Julia and China-Australia trade relations

Prime Minister Julia Gillard’s recent trip to China has set a new precedent for China-Australia relations.After attending discussions with Premier Li Keqiang, Gillard signed what’s being hailed as “the deal of the decade”, a Strategic Partnership Agreement between the two countries. Gillard’s deft handling of the talks resulted in the historic deal that guarantees annual talks between the two powers, and reciprocal cooperation to tackle issues such as climate change and economic ties head on together. The move sees Australia join the likes of Germany, Russia and the UK who also have similar talks in place with China.

Marketing to Chinese tourists in Australia

Australia is a popular tourist destination for Chinese visitors. I was only reminded of this on the weekend. Walking through Sydney’s Hyde Park past the water fountain, I was amazed at how many times I heard “yi, er, san” followed by the clicking of a camera. (That’s Chinese for ‘one, two, three’). The reality is that the Chinese are now the third most frequent visitors to Australia, after those from the UK and US – that’s 600,000 Chinese tourists already for 2012. In recognition of the Chinese potential for tourism, the Australian government is putting aside $30 billion for marketing…

Chinese investment – good for Australia?

Yes. Australia suffers from a lack of money at the moment. Consumer spending is down and people generally aren’t confident. Businesses think that banks are holding on tight to their cash. Without investment and confidence we cannot expand, grow, develop and make progress. Without foreign investment, we become reliant on other nations, and can’t put our footprint in other regions. We become insular.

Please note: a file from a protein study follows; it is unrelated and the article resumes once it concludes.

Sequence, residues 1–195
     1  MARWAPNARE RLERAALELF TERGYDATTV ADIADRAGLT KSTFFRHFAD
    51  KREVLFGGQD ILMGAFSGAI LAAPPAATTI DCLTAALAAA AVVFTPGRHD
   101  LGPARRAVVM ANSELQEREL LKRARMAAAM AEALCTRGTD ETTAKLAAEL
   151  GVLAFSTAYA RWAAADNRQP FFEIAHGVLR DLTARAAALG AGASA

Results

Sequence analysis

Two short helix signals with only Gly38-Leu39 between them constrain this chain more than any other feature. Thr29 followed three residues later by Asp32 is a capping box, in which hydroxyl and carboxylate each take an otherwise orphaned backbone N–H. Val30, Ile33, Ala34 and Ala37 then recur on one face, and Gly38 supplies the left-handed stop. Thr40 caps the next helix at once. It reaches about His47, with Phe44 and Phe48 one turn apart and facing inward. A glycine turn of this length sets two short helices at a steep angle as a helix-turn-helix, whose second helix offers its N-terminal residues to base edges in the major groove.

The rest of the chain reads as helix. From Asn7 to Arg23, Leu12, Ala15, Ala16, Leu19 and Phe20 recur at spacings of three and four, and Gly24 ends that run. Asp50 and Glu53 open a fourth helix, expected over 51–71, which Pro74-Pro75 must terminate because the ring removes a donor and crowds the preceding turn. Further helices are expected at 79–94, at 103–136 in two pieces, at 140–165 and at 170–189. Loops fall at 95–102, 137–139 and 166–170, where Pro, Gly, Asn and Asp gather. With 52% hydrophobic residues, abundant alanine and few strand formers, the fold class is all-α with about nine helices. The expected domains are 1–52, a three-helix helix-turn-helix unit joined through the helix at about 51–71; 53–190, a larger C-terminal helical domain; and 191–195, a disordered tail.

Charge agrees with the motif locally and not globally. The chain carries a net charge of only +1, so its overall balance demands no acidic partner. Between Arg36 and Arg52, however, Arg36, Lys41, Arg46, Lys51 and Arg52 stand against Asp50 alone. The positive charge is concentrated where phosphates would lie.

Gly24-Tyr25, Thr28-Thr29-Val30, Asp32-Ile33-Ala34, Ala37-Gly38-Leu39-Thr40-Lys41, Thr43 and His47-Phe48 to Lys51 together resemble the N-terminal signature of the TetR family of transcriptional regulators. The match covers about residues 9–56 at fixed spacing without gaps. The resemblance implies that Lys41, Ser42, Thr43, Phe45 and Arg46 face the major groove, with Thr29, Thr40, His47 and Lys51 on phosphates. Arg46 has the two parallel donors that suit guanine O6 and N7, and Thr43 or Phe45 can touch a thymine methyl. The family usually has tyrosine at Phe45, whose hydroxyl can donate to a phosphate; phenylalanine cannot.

China: the ka-ching dynasty

Did anyone see the recent Foreign Correspondent documentary “The Ka-Ching Dynasty”? This is an interesting insight into the nouveau rich of China. According to Rupert Hoogerwerf, the man responsible for composing the Hurun Report. There are 960,000 millionaires and 600,000 billionaires in China at present. By way of differentiation, billionaires are on average aged 51, live in Beijing and their children are university graduates, while millionaires are on average aged 41, live in or near Shanghai and their 10-year-old is preparing to go overseas to study in Australia, the US, UK or Canada.

Chinese perspectives on investing in Australia

John Larum recently published a report on Chinese Perspectives on Investing in Australia. for the Lowy Institute for International Policy. What does it mean and how should we respond to it? The report details that while China is Australia’s largest trading partner, we still suffer from perception differences that could potentially impact investment opportunities.